The word art has been applied to many things not worthy of the name. How is a family to know when something is good art or bad art? Bad “art” as such may not always offend immediately. It may be only after we consider the message it sends that we realize how much it conflicts with gospel values. We would do well to set up a means of evaluating art from a gospel standpoint.
Art can express faith and hope; it can also promote sin and despair. It can glorify God, or it can attempt to replace him. Unless we educate ourselves and our children about the various cultural arts, we will not only be weak in artistic expression, we will also lack artistic appreciation—the ability to discriminate between the moral and the immoral, the well done and the poorly done, the edifying and the degrading.
Just as artistic appreciation, or the need for beauty, is a basic human need, so is artistic expression a natural gift in all of us. It is part of our divine nature to create and to express ourselves creatively. Children do this without urging.
It is sound doctrine that we all do not have every gift. (See D&C 46:11.) A sense of rhythm, the ability to carry a tune, perfect pitch, verbal facility, physical coordination and grace—these are all gifts. Although all of us do not have all gifts, each of us has gifts we may yet develop. “Every son and every daughter of God has received some talent,” wrote President Joseph F. Smith. (Juvenile Instructor, Nov. 1903, p. 689.)
Since every child has capacity for creativity, we will want to instill in our children a desire to express that creativity in individual ways. When we encourage our children to describe in writing, music, art, and dance what they feel, see, or experience, we help them to learn about themselves.
The key to helping each child explore his potential is our knowledge of that child. Few things are more detrimental to a child’s free development of creativity than the parental expectation that all children in a family will have the same talents or express them equally well. Parents need to identify the gifts each of their children possess. They should observe their children’s interests, abilities, and aptitudes in particular areas and provide opportunities, in some form, for development and further expression of each talent.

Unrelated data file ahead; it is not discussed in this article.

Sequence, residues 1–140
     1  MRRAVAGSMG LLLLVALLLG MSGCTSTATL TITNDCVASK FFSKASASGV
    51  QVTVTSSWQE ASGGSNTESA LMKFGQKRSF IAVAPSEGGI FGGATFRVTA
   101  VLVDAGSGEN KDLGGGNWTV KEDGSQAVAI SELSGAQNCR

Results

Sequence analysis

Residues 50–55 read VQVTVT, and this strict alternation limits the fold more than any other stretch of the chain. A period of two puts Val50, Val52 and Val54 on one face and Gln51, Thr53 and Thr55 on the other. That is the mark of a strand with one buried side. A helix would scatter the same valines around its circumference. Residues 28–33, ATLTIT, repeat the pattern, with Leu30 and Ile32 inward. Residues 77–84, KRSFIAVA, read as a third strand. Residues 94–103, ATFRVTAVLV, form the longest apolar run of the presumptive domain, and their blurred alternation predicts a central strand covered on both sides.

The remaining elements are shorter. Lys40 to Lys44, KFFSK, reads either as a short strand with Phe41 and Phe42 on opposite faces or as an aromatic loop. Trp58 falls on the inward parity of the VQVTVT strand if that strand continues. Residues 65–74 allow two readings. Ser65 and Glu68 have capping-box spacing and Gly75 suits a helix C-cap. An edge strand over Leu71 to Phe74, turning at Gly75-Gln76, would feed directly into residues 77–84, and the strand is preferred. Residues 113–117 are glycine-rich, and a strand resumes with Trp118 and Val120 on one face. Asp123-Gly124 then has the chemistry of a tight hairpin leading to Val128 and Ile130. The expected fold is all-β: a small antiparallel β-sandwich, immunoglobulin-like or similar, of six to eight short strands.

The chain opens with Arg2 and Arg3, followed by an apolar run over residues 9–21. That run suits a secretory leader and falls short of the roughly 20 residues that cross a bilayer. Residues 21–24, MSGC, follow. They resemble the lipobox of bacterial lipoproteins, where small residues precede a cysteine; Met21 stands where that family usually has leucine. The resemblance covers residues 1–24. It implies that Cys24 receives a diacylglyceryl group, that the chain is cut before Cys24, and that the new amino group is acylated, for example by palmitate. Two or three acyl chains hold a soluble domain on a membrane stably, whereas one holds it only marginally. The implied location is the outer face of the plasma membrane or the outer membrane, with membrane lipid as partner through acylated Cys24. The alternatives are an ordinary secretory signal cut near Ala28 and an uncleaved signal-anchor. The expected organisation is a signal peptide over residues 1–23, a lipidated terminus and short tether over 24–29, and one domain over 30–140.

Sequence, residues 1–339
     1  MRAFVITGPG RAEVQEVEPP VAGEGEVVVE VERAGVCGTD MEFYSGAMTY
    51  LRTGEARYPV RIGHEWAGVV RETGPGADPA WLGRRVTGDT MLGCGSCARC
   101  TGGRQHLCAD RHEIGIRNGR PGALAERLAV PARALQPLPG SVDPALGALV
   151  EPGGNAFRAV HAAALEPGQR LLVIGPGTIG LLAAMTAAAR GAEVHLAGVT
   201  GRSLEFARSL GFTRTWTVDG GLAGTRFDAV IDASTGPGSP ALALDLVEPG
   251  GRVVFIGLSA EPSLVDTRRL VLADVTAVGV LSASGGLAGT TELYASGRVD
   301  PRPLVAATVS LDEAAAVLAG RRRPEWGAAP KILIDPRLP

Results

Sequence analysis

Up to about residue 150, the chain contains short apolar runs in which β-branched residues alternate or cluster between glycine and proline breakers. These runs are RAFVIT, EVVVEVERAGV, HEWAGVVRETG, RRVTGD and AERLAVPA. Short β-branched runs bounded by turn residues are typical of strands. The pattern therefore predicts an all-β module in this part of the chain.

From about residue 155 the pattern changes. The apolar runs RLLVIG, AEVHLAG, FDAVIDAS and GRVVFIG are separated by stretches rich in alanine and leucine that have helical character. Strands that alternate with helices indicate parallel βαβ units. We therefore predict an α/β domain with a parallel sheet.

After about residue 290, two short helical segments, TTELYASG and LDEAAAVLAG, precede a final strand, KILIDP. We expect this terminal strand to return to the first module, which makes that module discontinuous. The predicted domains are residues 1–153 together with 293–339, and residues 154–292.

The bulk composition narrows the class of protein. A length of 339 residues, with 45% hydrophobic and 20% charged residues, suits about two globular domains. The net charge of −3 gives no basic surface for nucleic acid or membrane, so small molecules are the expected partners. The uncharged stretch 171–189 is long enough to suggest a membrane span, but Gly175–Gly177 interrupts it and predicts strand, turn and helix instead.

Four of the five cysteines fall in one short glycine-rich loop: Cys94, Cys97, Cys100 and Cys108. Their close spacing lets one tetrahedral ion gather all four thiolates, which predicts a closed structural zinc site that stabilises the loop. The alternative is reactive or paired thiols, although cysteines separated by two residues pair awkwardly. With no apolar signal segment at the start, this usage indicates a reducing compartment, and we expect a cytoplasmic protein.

This often requires sacrifice and practice. But each time a child expresses his talents, he increases his ability to do so, and the discipline obtained in developing a talent influences every part of his life.
Music—Most children enjoy singing, especially if they are sung to when young. Beyond singing, the choice of musical expression broadens quickly to recorded music and to the world of instruments.
Drawing and Painting—As soon as he can hold a pencil or crayon, a child is fascinated with the marks and colors he can place on paper. If nurtured and encouraged, nearly all children can draw or paint pleasing pictures expressing the world as they see it. Some will have outstanding artistic talent, and encouragement from parents will help identify that talent. Give your child the place and equipment to explore this familiar yet ever-new medium of self-expression.
Literature—Writing can be encouraged while children are still quite young. Perhaps the most natural way is to encourage them to keep a journal or to send letters to relatives and friends. Like other talents, writing skills improve with practice. If children don’t yet write—and even if they do—try sitting down with them to tell a story and let each one contribute a part to it. You’ll be surprised at how inventive your children can be!
Drama and Dance—Old clothes, high-heeled shoes, hats, suspenders, and the like can be fertile stimulants to the minds of children. Let them dress up and act out plays for family home evening. You might also try performing simple readers’ theaters, for which no one has to memorize a part. Or play some music and encourage costumed “actors” to improvise: to be a plant flowering in the sun; to be an insect; to show how different colors “act”—blue, yellow, red …
In a family council meeting, decide how you can encourage the appreciation and expression of the cultural arts in your home. This is the best place for children to learn how to bring beauty into their lives. The more they think of arts appreciation, the more they will do it; the more they do it, the better they will be at it. They need only the time, materials, and encouragement to express and satisfy the creative talents they have brought with them into this world.